^{6}and 6.283 × 10

^{5}, respectively, due to the low adaptiveness of fixed time blocks. The best resulting schedules from these algorithms are shown in Figure 13, and those with VLC overlap exactly one over the other, with 18 active intervals per day, corresponding to 44% of the time in a day.

#### 5.2. Multiple-Node Case

^{4}when using VLC, and to 8.129 × 10

^{4}when using fixed time blocks. The obtained best network schedules in both cases are shown in Figure 17. Using VLC, the active time coverage in a day for the three nodes individually are 41%, 46%, and 43%, respectively, but their combination makes a coverage of 95% of time in a day. The battery capacity percentage of the nodes when simulated with this schedule is given in Figure 18, and none of them has a final level lower than the initial one, whereas for those of nodes 2 and 3 when using fixed time blocks, the final levels are 25.5% and 2.8% lower than the initial ones, respectively. The cumulated number of measurements is given in Figure 19, which is now smoother than that in the previous scenario. At the end of simulation, the nodes perform 315, 351 and 332 measurements individually, or 998 in total, whereas the total number of measurements when using fixed time blocks is 912, which is 8.6% lower. The results of this case also show that the resultant schedule obtained with VLC is better optimized than the one obtained with fixed time blocks.

## 6. Conclusions

## Author Contributions

## Funding

## Institutional Review Board Statement

## Informed Consent Statement

## Data Availability Statement

## Conflicts of Interest

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**Figure 12.**Progress of best fitness value using variable- and fixed-length chromosomes in single-node case.

**Figure 16.**Progress of best fitness value using variable- and fixed-length chromosomes in multiple-node case.

Parameter | Value |
---|---|

Number of nodes (n) | 1 |

Maximal battery capacity | 3500 mAh |

Battery charging rate | 0.8 W |

Background power consumption rate in Sleep mode | 0.05 W |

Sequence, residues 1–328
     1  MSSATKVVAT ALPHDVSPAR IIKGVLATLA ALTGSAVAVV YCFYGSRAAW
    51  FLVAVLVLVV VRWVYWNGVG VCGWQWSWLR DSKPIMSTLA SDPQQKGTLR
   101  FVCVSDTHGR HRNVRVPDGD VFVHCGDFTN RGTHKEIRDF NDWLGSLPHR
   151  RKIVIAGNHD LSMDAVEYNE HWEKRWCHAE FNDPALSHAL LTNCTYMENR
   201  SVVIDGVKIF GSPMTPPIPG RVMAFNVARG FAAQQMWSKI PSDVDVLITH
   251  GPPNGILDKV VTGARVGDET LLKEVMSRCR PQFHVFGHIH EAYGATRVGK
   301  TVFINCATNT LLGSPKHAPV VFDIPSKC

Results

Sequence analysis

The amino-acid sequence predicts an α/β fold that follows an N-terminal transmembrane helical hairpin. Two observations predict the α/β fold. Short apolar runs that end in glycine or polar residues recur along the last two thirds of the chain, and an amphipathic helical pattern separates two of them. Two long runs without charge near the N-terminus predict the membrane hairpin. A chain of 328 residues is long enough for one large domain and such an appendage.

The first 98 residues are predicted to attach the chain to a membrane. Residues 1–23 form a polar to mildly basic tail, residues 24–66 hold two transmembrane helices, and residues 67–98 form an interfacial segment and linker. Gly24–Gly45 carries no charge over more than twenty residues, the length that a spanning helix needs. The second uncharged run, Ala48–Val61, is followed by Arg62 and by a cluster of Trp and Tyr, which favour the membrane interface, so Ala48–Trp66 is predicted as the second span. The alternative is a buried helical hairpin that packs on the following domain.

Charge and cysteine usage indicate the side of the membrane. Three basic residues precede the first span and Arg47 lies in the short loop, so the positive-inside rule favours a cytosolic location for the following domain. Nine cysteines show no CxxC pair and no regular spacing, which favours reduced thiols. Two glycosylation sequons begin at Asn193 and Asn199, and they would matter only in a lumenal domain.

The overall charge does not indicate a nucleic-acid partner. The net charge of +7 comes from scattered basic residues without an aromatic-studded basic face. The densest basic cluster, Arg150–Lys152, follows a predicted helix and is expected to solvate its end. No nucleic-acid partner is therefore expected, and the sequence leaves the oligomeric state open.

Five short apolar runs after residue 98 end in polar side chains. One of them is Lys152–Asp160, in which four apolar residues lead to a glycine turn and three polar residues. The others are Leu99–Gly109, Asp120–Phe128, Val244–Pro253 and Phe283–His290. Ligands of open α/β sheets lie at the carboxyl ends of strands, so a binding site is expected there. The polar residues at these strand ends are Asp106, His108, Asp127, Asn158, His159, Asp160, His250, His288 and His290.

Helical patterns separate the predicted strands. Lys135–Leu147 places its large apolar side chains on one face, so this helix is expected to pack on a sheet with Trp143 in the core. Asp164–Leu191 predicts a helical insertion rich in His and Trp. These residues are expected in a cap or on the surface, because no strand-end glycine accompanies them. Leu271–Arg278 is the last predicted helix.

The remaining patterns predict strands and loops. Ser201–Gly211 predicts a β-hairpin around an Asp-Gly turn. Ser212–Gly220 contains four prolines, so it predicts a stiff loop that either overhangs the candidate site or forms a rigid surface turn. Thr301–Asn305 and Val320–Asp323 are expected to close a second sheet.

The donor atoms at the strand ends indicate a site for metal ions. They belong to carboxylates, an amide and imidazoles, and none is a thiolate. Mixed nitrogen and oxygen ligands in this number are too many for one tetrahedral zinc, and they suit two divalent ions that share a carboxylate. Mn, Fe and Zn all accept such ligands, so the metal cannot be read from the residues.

Average power consumption rate in Active mode | 0.17 W |

Power consumption per measurement | 0.22 Ws |

Power consumption per SMS transmission | 13.27 Ws |

Installation location (latitude, longitude) | 21.004°, 105.846° |

Measurement rate in Active mode | 5 min |

Simulation time (T) | 3 days |

Parameter | Value |
---|---|

Population size | 100 |

Selection rate | 20% |

Mutation rate | 30% |

Crossover rate | 50% |

Rates of mutation operations: Copy, Insertion, Removal, Shift | 90%, 3.33%, 3.33%, 3.33% |

${k}_{\eta}$ | 1 |

${k}_{\tau 1}$ | 1 |

${k}_{\tau 2}$ | 10 |

${k}_{T1}$ | 1 × 10^{8} |

${k}_{T2}$ | 1 × 10^{8} |

${k}_{L1}$ | 1 × 10^{6} |

${k}_{L2}$ | 1 × 10^{6} |

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**MDPI and ACS Style**

Ha, V.-P.; Dao, T.-K.; Pham, N.-Y.; Le, M.-H.
A Variable-Length Chromosome Genetic Algorithm for Time-Based Sensor Network Schedule Optimization. *Sensors* **2021**, *21*, 3990.
https://doi.org/10.3390/s21123990

**AMA Style**

Ha V-P, Dao T-K, Pham N-Y, Le M-H.
A Variable-Length Chromosome Genetic Algorithm for Time-Based Sensor Network Schedule Optimization. *Sensors*. 2021; 21(12):3990.
https://doi.org/10.3390/s21123990

**Chicago/Turabian Style**

Ha, Van-Phuong, Trung-Kien Dao, Ngoc-Yen Pham, and Minh-Hoang Le.
2021. "A Variable-Length Chromosome Genetic Algorithm for Time-Based Sensor Network Schedule Optimization" *Sensors* 21, no. 12: 3990.
https://doi.org/10.3390/s21123990